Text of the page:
No one could have predicted what the year 2020 would hold, especially small businesses. The hospitality industry was certainly hit hard, but the fitness industry also suffered major losses during the effects of COVID-19. With strict restrictions being placed, taken away and then placed again, it’s been a rollercoaster of emotions for some owners.
“It’s been a lot of things — frustrating, scary, stressful, to name a few,” says Jessica Benhaim, owner of Lumos Yoga & Barre, located in Fairmount. Lumos offers Philadelphians different type of fitness exercises ranging from barre to sculpting yoga to HIIT classes and beyond. “When we closed our doors in March, we had no idea it would be for months, and that we’d basically have to change our whole business model to incorporate outdoor and virtual classes.”
Luckily, stretching in class isn’t the only type of bending Lumos offers—the workout hotspot also was able to mold some of their offerings inventively in the past before the pandemic in the form of special events, pop-up classes and collabs with other local businesses. Now, sticking to that tune of creativity, the studio has shifted what they offer to incorporate the “new norm.”
“During the pandemic, we began to offer weekly outdoor classes, and were able to offer pop-up collabs with other area studios. Fitness studios collaborate occasionally, but with COVID, there’s been more of a sense of ‘we’re all in this together’ versus being concerned about the competition. We’re planning to offer a variety of outdoor classes again in the spring, and will announce any other pop-up events, either virtually or outdoors,” explains Benhaim. “We’ve [also] updated our reopening guidelines with the latest information from the city, so there have been some changes from our August reopening to now (for example, class capacity limit changed from six attendees to four). Winter is also part of the regular cold and flu season, on top of the pandemic — so if you don’t feel well, please stay home.”
Taking numbers into account, class sizes are not what they used to be, and Lumos is even integrating safety into their own regiment (“We’re asking our staff to do the same, so please be understanding if we can’t find a sub for classes and have to cancel a class,” notes Benhaim), but even so, that means that your typical class at Lumos will look different than before.
“As you can probably guess from the class size note, a capacity limit of four attendees per in-studio class isn’t a lot. Right now we’re focusing on offering a mix of in-studio and virtual classes, so everyone can find something they’re comfortable with, and then we plan to add outdoor back in this spring. We know that it’s going to take some time for people to figure out their comfort level with fitness classes, so please feel free to reach out to us if you have any questions or concerns, or would like to see something on our schedule,” says Benhaim.
The hardest part for the studio? Despite having the same needs as some other industries, fitness businesses have a few more hoops to jump through. PPP loans for example are meant for employers, while most instructors are independent contractors.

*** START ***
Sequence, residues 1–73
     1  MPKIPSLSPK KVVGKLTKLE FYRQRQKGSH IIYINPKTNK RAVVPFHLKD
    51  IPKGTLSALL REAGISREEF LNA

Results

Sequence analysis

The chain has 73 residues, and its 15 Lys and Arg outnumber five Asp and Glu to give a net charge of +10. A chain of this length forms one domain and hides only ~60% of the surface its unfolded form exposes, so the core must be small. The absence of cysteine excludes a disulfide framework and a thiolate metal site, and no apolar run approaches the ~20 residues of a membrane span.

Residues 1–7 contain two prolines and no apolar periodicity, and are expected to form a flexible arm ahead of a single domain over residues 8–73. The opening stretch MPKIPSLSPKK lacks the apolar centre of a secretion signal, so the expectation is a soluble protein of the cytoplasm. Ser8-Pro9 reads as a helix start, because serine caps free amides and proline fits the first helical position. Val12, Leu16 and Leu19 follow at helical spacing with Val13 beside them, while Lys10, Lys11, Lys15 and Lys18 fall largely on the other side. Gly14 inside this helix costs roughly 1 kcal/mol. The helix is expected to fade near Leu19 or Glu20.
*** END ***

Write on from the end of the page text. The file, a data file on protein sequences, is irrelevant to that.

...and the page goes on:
“Studios have taken it upon themselves to band together in some ways to discuss how we’re making things work,” says Benhaim. “We also joined the Philadelphia Fitness Coalition to demonstrate to local officials how the fitness industry is different from other industries it’s been lumped together with, like casinos and recreation.”
The PFC, similar to Save Philly Restaurants, was created as an answer to the problems COVID posed for fitness studios. The main argument of the initiative is that fitness studios were placed in the same category as other businesses without “logic, data or prioritization of community fitness and wellness.” It’s with efforts put forth by organizations such as the PFC and the community that have acted as the lifeblood for places such as Lumos.
It might seem a bit cliche to talk about silver linings, but thankfully, Benhaim has a few of them to combat the obstacles 2020 hit the industry with.
“While navigating through all of this as a small business has been difficult, a bright spot has been our team of amazing and dedicated instructors who pivoted along with the studio each time. I’m also so grateful to the community that has come together to support our neighborhood studio,” explains Benhaim. “The most positive thing is hearing from our clients how much they appreciate us still being here, offering classes. At the end of a class when people thank the instructor and tell them how much they needed this hour of practice, or send an email to us saying thank you, or leave a glowing review — it makes this all worth it.”
As an all-levels-welcome, body-positive studio, Lumos, which is related to the Latin word for “light,” encourages people to feel vibrant and be luminous, and to hep keep their very own glow, Benhaim has an incentive for all Philadelphians.
“Please continue to support small businesses like Lumos. The best way people can support businesses now is by patronizing them, and many studios offer an option that fits with everyone’s comfort levels—for example, we offer livestream classes, in-studio classes, outdoor classes starting in the spring, and an on-demand subscription. We also have a retail shop of yoga and barre apparel and accessories, plus some self-care items like Mishal candles + body butters and Lord Jones CBD products. If you personally don’t need anything, do you have a friend you can shop for and gift them a little something? I’ve gotten snail mail gift packages from friends who I normally would see but haven’t been able to this year, and it’s a great way to support a small business while doing something nice for someone else. ”
To learn more information about Lumos Yoga & Barre, visit lumosyogaandbarre.com